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The Bookseller by Mark Pryor
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The Bookseller (2012)

by Mark Pryor

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Showing 1-5 of 22 (next | show all)
Given the theme, I really wanted to like this one so I'd have a new mystery series to dive into. But there wasn't much memorable at all about this book, so while I might pick up the next book if it falls into my path, I probably won't go seeking them out. ( )
  JBD1 | May 25, 2019 |
Takes place in France. Started off really strongly, then kinda lost me in the end. The idea of the book was very intriguing, and sounded like it would make for a good story, and it did. ( )
  EBassett | Mar 20, 2019 |
I think it'd be better in book form -- but prose didn't really wow me either, in the short sample I heard.
  lulaa | Aug 25, 2018 |
My first by this author. I was drawn to it partly by the setting but also because I love British authors best of all. I wasn't disappointed. Interesting characters, fast pace, good balance of action and reflection. Held my attention well. Nice descriptions of Paris streets and cafes. The main character is an American in Paris attached to the US Embassy. As it is a British writer, however, you can see that the protagonist has some British characteristics (reserve, politeness) mixed in with some American. The author is from the UK but lives in Texas, hence the mix. The plot had some nice twists and turns with a good few dangerous confrontations, quite a good effort overall for a first novel. Nothing I didn't like about it so I will definitely read more in this series. ( )
  MitchMcCrimmon | Apr 27, 2018 |
Fictional sleuths, whether amateur or professional, are rarely witnesses to the crimes they investigate, but such is the case in “The Bookseller,” the first novel (published in 2012) in the Hugo Marston mystery series written by Mark Pryor.

Marston is actually a professional sleuth operating as an amateur. A former FBI agent from Texas, he now works in Paris as head of security at the U.S. Embassy. Investigating French crimes is hardly in his job description, but one day at the start of his vacation he buys some books from an old bookseller who operates his small business from a stall on the street. Before he leaves he witnesses the bookseller being taken away against his will. But what to Marston's eye seems like an obvious kidnapping, the French police write off as just a man leaving with friends, never mind that someone who clearly knows nothing about books is running the bookstall the next day.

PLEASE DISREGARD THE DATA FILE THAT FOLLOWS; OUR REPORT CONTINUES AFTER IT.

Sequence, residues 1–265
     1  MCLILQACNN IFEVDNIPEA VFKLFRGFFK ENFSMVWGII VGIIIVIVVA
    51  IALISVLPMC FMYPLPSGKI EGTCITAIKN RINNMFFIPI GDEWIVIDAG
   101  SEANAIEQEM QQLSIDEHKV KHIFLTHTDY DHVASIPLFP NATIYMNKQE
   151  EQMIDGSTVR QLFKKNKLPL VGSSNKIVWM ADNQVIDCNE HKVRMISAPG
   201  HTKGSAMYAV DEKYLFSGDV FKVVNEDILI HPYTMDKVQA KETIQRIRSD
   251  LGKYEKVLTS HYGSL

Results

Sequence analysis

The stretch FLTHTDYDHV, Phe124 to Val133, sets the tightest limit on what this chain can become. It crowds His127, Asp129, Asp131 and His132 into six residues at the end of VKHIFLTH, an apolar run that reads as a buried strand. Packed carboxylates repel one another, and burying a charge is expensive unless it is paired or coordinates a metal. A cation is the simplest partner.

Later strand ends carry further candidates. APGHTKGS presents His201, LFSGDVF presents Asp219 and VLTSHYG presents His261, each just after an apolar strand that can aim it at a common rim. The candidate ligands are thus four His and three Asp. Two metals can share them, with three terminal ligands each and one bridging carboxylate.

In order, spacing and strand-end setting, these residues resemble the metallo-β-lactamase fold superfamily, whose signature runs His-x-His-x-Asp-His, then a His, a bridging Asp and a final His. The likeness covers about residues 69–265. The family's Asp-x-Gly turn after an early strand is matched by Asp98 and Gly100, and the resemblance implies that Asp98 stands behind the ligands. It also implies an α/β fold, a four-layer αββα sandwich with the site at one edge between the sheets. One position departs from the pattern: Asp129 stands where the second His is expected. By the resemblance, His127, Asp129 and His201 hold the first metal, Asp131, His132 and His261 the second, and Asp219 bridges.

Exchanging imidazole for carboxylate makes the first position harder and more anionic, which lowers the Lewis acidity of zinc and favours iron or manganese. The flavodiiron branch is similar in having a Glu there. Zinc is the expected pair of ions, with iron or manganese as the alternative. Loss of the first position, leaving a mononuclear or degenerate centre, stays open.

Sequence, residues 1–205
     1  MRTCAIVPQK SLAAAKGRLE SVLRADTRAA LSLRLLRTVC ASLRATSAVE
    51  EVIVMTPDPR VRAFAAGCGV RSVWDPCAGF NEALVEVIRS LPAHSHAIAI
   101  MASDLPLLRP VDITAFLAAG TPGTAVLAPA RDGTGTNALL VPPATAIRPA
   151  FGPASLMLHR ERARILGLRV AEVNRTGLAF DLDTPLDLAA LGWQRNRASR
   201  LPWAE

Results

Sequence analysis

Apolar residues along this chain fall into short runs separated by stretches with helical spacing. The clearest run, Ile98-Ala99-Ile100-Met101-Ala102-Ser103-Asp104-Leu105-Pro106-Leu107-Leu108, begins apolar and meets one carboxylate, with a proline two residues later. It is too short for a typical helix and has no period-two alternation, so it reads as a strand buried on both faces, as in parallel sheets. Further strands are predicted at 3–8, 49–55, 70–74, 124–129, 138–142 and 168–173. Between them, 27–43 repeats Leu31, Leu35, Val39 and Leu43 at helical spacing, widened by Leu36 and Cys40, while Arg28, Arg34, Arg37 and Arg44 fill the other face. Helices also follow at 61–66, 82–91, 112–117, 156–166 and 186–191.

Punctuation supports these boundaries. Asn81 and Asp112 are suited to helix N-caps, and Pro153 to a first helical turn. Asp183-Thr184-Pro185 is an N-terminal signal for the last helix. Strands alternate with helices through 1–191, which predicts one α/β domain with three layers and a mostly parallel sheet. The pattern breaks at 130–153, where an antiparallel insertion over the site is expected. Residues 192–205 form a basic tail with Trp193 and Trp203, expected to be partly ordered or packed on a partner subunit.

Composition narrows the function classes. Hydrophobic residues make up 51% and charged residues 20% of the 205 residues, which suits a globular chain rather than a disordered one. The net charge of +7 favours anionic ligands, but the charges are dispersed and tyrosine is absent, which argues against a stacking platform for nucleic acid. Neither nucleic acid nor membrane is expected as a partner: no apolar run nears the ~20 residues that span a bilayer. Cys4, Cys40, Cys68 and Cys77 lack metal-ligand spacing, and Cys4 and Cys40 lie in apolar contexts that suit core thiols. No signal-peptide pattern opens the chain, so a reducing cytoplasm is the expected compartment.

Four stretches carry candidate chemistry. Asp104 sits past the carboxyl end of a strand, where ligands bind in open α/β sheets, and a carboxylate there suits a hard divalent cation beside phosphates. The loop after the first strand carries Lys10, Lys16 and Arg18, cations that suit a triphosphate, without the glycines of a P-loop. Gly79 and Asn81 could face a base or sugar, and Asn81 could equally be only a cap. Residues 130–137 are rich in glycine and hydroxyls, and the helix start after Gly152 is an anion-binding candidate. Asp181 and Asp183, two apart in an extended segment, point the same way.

Marston had thought he might use his vacation to return to Texas to try to rekindle his relationship with his ex-wife, but she lets him know it would be a wasted trip. Besides he now has a disappearance to investigate, and he soon meets a woman who may help him forget his wife. But Claudia turns out to be the daughter of one of the wealthiest men in Paris, a man who doesn't want his daughter getting serious with a middle-class American. Then the father turns out to be both a collector of rare books and a man with secrets, raising the possibility that he could somehow be involved in the bookseller's disappearance. Was his meeting Claudia more than just a happy accident?

Helping in the unofficial probe of this unofficial crime is Tom, Marston's old friend and a former CIA agent. Together they make progress, but not before bodies start piling up, each that of a Paris street vendor. Finally the police get involved.

“The Bookseller” proves to be an exciting, fast-paced mystery with intriguing characters. It does, however, lose much of its credibility when a French police captain allows Marston and his friend to take the lead in his investigation. This didn't seem very likely in the days of Hercule Poirot, and it's even less so now. ( )
  hardlyhardy | Feb 23, 2018 |
Showing 1-5 of 22 (next | show all)
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The largest of Notre Dame's bells tolled noon just as Hugo reached the end of the bridge, the brittle air seeming to hold on to the final clang longer than usual.
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When his bookseller friend, a former Holocaust survivor and Nazi hunter, is kidnapped and other booksellers are murdered, Hugo Marston, head of security for the U.S. embassy in Paris, discovers a shocking conspiracy.

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